I’m a thirty-three-year-old first year teacher who lives in Winchester, California.  I’m married to a Canadian man who left his country and his furniture to be with me three-and-a-half years ago.  Our children are all furry, except for the turtle.  He likes comic books and video games and is hoping to make a career out of the latter.  I’m hoping so, too, because I’d like to spend my days writing, sipping coffee, and rebuilding our vegetable garden.  When I’m not dreaming, I have a desk job at a construction company in Temecula.  And while I never pictured myself working in construction, the job has afforded me some of the most wonderful friends a girl could ask for.  I wouldn’t trade a second of it (Please remind me of this post when one of my field guys calls and it sounds like his cellphone is in his mouth.  Again).

Updated July 2015: I’m a first year language arts teacher!  A lot has changed since we first wrote these bios!

My personal blog can be found here: sortafairytale.com.

Often, I want to wear birkenstocks and prance through tall grass fields with a flower wreath in my hair… but my husband has one strong hand around my fictional hemp-braceleted wrist and is bribing me out of Hippeville by dangling iTechnology in front of my eyes.  So far, it’s working.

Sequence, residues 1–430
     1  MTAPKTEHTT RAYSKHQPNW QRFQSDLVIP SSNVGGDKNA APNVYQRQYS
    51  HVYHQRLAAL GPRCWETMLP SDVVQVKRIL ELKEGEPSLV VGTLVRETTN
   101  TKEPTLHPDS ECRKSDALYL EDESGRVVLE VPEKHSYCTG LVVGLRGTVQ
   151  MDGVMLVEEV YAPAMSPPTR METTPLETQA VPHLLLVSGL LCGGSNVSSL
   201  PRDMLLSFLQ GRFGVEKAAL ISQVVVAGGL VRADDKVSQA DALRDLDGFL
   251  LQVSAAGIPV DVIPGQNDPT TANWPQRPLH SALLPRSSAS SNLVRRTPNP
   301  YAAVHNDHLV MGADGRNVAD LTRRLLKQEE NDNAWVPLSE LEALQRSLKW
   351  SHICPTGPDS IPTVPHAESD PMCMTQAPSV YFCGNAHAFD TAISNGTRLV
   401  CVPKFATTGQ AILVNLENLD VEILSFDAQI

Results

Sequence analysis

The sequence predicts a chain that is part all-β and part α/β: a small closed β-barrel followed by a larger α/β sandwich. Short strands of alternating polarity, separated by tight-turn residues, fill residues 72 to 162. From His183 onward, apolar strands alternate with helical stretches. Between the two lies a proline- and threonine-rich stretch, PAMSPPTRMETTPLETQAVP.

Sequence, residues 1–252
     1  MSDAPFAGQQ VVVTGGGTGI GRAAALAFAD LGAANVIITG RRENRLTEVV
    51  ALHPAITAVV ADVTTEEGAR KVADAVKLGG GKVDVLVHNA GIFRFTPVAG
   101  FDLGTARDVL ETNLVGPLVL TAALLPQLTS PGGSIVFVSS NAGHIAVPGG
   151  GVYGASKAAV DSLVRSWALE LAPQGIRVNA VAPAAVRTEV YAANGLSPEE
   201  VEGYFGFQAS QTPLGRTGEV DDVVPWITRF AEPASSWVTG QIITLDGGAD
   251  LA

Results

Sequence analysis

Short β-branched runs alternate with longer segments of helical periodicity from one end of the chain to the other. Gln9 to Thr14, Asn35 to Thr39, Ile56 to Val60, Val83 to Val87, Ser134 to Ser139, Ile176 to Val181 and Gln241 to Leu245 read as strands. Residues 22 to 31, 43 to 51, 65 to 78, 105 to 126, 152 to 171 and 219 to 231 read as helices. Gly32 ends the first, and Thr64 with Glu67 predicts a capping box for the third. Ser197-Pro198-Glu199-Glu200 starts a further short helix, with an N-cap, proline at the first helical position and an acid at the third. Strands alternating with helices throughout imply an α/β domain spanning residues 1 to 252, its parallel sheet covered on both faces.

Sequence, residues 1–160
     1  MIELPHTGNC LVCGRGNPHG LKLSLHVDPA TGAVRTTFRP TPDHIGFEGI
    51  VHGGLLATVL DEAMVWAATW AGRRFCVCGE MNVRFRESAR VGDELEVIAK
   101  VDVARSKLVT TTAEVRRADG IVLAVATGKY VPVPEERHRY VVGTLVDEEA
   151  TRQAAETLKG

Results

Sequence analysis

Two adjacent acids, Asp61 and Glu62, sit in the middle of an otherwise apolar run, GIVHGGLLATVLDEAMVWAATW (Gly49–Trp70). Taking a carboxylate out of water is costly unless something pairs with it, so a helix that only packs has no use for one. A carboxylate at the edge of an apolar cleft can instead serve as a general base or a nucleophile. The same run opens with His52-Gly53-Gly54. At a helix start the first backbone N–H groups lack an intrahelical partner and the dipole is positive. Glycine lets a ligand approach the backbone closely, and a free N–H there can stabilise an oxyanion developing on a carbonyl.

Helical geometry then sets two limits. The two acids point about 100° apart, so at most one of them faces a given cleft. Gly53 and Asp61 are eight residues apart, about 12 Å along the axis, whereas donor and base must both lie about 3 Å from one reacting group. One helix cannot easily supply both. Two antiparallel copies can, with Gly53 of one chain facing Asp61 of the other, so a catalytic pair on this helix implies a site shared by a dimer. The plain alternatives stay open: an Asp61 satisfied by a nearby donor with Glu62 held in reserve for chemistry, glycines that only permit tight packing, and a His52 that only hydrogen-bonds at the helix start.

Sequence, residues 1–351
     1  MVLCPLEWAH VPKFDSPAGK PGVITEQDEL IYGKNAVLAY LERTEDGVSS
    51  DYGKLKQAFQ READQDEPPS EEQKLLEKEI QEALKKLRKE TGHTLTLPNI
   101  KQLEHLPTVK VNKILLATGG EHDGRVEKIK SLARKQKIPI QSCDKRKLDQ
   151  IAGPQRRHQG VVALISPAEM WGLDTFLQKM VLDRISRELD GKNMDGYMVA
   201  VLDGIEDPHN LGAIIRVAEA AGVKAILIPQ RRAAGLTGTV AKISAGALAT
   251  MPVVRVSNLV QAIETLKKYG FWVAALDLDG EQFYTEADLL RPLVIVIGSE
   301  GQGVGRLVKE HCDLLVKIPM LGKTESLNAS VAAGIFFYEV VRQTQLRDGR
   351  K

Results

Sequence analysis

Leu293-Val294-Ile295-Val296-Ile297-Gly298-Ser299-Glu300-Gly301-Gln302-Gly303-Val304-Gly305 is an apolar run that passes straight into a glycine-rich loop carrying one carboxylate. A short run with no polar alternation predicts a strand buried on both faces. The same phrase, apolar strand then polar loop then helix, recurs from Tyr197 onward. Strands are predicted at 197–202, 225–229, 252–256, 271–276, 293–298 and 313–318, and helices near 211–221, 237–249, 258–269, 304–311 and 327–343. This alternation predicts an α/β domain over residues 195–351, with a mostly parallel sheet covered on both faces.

Monique has a fierce talent in both the kitchen and the office that I admire.  She’s taught me so much in our few years as paper-pushing friends.  I never know what’s going to come out of her mouth (though, usually my bet is on a snide remark to our shared boss – all in good fun, Edgar!).  We make a funny pair, visually – she’s a foot shorter than I – but she can be a force to be reckoned with.  I’m happy to call her my friend and, now, my blogging partner.


My personal hope for this blog is to keep a public diary on my food and crafting triumphs and failures.  I want to look back a week, month, or year from now and see growth in my writing, in my photography and in my relationship with food.  Being held accountable by an audience, whether it be large or just with Monique, will keep me on task.

Ultimately, this is going to be fun!